Close on the heels of a new adaptation of The Jazz Singer comes Jolson & Co. by Stephen Mo Hanan and Jay Berkow, which calls itself a “new musical play” and is the life story of Al Jolson told in monologue, dialogue, and a goodly number of songs from Jolson’s ragbag. It does a pretty fair job of giving you the man, warts and all, and generally avoids sappiness. Directed by Berkow, it is aptly accompanied by Peter Larson and two associates on a variety of instruments.
The format is Jolson’s 1949 radio interview with Barry Gray from the stage of the Winter Garden, a year before Al’s demise. Jolson tells stories about his family and himself, and takes us through his public and private life with anecdotes, vignettes, and songs, some familiar, some forgotten. Nine men’s roles are played by Robert Ari, seven women’s parts by Nancy Anderson, but it is largely Hanan’s show. Bearing a powerful resemblance to Al, he belts, croons, moans, and cavorts to what David Thomson has called “a barrage of sentimental songs of such banality that they could be explained away only by ‘personality.’ ” True, but a few of them are better than that, and Hanan, like Jolson, supplies the personality.
The performance is mostly impersonation but, as such, unbeatable. On top of the Jolson looks, the incarnator has absorbed all the vocal, facial, and kinetic mannerisms as if he had stolen the man’s very soul. This allows us to enjoy him as a mimic regardless of what we may think of the play, which, however, delivers enough to hold its own. Jolson rises, falls, and rises again, as satisfying a pattern as there is, appealing equally to the winner and loser in us.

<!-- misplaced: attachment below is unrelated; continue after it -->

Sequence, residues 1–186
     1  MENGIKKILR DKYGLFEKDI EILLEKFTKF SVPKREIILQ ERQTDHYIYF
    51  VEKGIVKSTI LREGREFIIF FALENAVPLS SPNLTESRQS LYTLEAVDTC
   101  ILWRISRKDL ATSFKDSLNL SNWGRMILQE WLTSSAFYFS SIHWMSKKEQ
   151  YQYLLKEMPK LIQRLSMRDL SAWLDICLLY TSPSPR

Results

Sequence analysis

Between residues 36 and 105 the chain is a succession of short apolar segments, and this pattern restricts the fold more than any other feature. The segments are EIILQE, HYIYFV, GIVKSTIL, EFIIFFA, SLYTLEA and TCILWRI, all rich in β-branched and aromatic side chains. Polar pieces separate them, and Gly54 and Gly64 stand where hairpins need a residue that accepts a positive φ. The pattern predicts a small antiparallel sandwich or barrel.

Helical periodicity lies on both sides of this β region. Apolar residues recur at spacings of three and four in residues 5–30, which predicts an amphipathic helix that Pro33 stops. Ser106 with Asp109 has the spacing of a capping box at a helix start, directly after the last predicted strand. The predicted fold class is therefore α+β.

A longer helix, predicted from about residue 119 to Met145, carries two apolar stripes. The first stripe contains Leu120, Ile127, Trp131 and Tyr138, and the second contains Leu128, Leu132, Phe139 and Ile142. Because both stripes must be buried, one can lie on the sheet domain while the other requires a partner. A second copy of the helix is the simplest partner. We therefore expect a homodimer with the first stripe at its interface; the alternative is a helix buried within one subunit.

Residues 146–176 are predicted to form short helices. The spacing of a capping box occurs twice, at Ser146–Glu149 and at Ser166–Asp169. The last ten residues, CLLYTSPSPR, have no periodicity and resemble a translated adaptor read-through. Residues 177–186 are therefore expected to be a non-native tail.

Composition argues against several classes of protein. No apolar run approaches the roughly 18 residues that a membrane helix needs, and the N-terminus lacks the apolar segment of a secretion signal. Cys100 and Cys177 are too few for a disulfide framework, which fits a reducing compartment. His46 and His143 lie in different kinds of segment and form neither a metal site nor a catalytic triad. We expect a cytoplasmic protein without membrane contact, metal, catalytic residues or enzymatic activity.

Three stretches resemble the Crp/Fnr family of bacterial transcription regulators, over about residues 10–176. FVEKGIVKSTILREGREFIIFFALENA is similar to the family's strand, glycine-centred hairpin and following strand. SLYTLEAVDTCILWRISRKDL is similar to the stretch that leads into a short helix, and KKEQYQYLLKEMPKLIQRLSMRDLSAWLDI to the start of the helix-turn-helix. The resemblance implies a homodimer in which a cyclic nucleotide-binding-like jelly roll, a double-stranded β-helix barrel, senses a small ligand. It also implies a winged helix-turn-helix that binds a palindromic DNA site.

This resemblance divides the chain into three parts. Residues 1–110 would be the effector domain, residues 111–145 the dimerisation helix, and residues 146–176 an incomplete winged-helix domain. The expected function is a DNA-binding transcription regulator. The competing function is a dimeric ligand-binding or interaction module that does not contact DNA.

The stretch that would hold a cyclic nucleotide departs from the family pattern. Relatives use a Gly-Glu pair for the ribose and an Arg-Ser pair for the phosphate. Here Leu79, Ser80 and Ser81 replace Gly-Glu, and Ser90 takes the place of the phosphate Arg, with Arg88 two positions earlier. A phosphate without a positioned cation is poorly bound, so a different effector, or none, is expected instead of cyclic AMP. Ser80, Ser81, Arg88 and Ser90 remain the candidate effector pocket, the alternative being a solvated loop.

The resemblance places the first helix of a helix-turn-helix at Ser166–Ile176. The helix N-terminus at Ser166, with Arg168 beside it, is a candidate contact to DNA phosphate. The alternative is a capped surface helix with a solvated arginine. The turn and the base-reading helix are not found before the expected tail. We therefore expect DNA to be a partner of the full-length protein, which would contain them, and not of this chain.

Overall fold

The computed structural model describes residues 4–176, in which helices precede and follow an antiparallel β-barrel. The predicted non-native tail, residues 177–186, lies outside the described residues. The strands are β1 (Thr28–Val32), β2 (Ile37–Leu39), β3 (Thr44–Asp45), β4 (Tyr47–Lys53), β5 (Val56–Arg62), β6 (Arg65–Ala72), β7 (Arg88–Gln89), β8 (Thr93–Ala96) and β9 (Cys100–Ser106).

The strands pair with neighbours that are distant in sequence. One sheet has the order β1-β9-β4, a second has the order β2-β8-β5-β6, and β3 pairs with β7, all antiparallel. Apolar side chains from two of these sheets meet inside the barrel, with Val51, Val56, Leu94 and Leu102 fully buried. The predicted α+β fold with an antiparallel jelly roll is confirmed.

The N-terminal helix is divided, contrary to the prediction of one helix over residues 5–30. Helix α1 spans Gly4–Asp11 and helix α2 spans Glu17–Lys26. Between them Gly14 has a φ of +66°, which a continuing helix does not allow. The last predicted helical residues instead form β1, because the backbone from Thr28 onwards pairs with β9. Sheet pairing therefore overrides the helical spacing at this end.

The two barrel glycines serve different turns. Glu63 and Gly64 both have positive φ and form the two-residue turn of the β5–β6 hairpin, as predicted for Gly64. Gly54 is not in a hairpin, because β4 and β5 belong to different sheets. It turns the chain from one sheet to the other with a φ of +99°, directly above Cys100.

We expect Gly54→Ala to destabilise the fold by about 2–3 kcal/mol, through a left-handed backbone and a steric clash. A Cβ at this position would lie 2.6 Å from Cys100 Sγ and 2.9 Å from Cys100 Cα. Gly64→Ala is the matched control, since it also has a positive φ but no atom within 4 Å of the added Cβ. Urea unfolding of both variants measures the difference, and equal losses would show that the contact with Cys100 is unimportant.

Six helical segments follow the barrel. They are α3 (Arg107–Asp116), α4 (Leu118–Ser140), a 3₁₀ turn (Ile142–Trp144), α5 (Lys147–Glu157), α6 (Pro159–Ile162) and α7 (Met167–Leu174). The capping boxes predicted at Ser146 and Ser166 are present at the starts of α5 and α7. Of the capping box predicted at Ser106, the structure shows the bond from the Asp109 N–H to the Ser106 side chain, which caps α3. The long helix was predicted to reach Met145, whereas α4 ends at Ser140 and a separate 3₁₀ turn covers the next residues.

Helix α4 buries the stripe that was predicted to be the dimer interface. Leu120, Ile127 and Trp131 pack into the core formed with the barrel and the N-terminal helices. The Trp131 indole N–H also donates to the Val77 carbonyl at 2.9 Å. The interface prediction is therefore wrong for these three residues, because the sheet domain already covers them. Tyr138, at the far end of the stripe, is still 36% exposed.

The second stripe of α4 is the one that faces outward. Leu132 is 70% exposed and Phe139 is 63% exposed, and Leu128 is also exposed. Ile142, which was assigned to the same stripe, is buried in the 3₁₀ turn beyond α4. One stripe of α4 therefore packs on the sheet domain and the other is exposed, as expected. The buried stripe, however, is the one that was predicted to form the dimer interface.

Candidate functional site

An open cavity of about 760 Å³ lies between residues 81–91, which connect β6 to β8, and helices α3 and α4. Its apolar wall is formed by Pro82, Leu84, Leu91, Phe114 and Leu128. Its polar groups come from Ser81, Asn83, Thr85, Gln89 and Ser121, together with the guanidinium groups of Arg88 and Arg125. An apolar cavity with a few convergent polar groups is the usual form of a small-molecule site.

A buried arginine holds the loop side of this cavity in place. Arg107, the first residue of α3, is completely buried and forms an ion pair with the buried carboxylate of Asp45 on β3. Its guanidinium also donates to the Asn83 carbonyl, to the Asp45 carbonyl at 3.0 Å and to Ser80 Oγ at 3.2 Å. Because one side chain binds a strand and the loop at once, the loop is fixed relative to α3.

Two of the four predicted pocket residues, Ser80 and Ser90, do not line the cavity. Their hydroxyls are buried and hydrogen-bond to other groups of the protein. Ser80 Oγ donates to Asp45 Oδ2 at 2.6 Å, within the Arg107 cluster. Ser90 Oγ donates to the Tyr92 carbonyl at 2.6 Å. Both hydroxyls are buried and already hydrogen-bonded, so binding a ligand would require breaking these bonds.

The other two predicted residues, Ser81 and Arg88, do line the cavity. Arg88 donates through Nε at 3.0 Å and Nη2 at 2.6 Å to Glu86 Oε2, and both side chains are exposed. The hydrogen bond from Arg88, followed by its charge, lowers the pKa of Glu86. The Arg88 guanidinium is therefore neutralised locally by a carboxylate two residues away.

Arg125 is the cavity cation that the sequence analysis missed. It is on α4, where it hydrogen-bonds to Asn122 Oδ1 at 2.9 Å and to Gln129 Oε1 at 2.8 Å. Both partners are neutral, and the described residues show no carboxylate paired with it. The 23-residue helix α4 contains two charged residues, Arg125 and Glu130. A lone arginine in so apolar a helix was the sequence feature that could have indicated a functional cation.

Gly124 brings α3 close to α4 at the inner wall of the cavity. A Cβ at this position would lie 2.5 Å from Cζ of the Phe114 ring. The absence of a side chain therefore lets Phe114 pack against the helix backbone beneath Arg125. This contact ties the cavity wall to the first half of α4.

Nancy Anderson does compellingly by most of her roles, as varied as the moribund Mrs. Yoelson, mother of little Asa (Al’s original, Lithuanian-Jewish name), Mae West (both young and old), and sundry Jolson wives. She doesn’t quite get Ruby Keeler, and she taps better than she sings, but she is saucily or sweetly appealing, especially as the hillbilly last wife, Erle. Ari’s roles are less demanding, and, without attempts at impersonation, he handles them securely. The main problem is the York Theatre, too intimate for Hanan’s oversize performance, which often blasts our eardrums and allows us to get a trifle overfamiliar with the insides of his hugely open mouth.